Signet, $6.99, ISBN 0-451-20815-3
Historical Romance, 2003
Hey, are you looking for swashbuckling, exciting romantic adventures in the high seas that come complete with a spectacular pirate island? One starring a very strong heroine that actually behaves like the new Queen of the High Seas (altogether now: “No virgin!”) and who ends up rescuing the hero? One that reminds me of the more extravagant studio productions from MGM in those old days? All aboard Marsha Canham’s The Iron Rose then.
A sequel to Across a Moonlit Sea, the heroine is Juliet Dante, the daughter of Simon Dante and his wife Isabeau from the previous book. She commands the pirate ship The Iron Rose, and before you scoff the idea of a romance heroine in that role, take a look at Juliet. She’s skilled with the blade, she is tough, and she doesn’t hesitate to stick her blade into you and decorate the floor with your intestines if she has to.
Her story begins when she saves an English ship and takes a Spanish one only to realize that she has captured the famous Santo Domingo with enough treasures to make everything worthwhile. She encounters Varian St Clare, an English nobleman, when he mistakes her for a boy during the skirmish and comes to her rescue, only to learn that she doesn’t need to be rescued. (The last one is a common recurring theme throughout this book.) Varian turns out to be more than a foppish, useless man, and in fact, he is searching for Juliet’s father to deliver a message from the King.
This story revolves around the interaction of these two and the adventures they and the crew encounter as they return to Pigeon Cay, the infamous pirate stronghold ruled by Simon and Isabeau, and Varian’s subsequent adventures on the island. It may sound like an idyllic adventure – one or two nasty storms notwithstanding – but it isn’t. Juliet and Varian are two adorable people who spar, throw each other around, and sticks blades against each other’s throat for foreplay. While she may not be his equal in physical strength, Juliet can more than hold her own as she balances her ruthlessness towards her enemies with her affections for her crew. It is easy to see how she can earn the respect and loyalty of a band of cutthroats. Varian is essentially an outsider, a more worldly Jim Hawkins, but he is soon swigging rum and looking good in billowing white shirts like the best of them.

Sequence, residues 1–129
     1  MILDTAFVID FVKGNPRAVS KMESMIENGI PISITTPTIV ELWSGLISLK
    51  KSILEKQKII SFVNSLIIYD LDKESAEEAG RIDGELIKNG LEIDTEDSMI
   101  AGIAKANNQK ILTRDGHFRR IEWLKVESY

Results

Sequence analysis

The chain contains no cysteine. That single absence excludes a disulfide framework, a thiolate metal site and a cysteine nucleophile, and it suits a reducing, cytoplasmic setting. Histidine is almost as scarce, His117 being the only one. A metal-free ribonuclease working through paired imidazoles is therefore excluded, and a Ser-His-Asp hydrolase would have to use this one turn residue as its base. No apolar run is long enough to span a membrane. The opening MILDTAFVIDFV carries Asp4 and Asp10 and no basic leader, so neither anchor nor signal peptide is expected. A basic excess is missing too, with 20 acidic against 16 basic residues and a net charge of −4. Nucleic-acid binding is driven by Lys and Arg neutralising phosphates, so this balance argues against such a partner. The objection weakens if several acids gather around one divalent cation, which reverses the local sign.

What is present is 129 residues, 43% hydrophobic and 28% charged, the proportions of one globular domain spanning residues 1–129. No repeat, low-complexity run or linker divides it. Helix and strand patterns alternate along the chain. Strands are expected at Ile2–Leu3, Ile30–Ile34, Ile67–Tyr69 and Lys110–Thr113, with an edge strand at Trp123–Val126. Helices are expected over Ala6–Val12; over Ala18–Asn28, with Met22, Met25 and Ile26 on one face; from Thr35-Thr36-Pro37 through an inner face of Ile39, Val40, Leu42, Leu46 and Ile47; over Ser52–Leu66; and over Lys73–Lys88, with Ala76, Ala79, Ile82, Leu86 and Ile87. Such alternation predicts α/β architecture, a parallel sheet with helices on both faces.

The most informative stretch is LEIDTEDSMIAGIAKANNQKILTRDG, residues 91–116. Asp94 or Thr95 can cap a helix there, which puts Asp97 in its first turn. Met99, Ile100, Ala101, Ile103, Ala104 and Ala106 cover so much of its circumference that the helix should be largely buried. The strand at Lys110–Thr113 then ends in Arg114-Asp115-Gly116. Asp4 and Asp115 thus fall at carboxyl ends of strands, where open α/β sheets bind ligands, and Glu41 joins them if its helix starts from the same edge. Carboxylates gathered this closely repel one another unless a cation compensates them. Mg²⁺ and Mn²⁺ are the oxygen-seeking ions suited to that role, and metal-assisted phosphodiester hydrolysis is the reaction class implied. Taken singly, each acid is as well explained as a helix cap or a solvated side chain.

The strongest virtue of this book is the author’s splendid and meticulous sense of description. I actually hold my breath along with Varian and his amusing manservant Beacom as The Iron Rose navigate through a narrow opening to reach Pigeon Cay. The description of Pigeon Cay is so vivid that I could actually picture it in my mind. The rush of battle, the terrors of a storm, even the adorable interactions of Juliet and her two brothers are all so real, it’s like I’m living this adventure along with the cast. Also, the lives of the pirates described here may be in a way romanticized, but the author also doesn’t shy from the darker sides of these pirates’ daily lives. Something happened to Isabeau in this story (no, she doesn’t die, don’t worry) that will make some readers feel squeamish, I’m sure.
High adventures are the agenda of this enjoyable tale. But there are some flaws, most problematic being the author’s tendency to let her characters indulge in long conversations just to explain things to the reader. The trouble is, these characters are explaining things to the other, things that the other person should already know. How do I know they know? There’s this thing about these characters starting their epic soliloquy with “As you know…” or “You should know…” Oops. There are also some parts of the story that are bogged down by repetitions, such as Varian explaining again and again his brothers’ deaths to several different people in this story.
Still, Varian and Juliet have some sexual tension can melt ice. Maybe in another book I can complain that these people seem more to be in lust than in love, but in this case, I’d just assume that pirates like Juliet who live for today probably don’t want to dwell too much on sissy things like romantic gestures. Besides, all those vigorous pushing of one’s physical flexibility to the limits can be just as romantic as they are sweaty, sticky, and fun.
Juliet is a really strong heroine who doesn’t apologize for doing what a pirate lady has to do and nor that she has any baggages from having had four lovers before she met – had – Varian. For her, sex isn’t a penance but something fun. Varian isn’t a stereotypical alpha mule in that he actually respects Juliet for being strong and trashing his butt when he deserves it. He’s not exactly a beta type, but he isn’t above letting the wifey share the pants in the household. In short, these are two well-matched characters indeed. They may not be wise, but they are equals in all the ways that matter.
In short, The Iron Rose is an almost perfect swashbuckling ride of an exhilarating romantic adventure.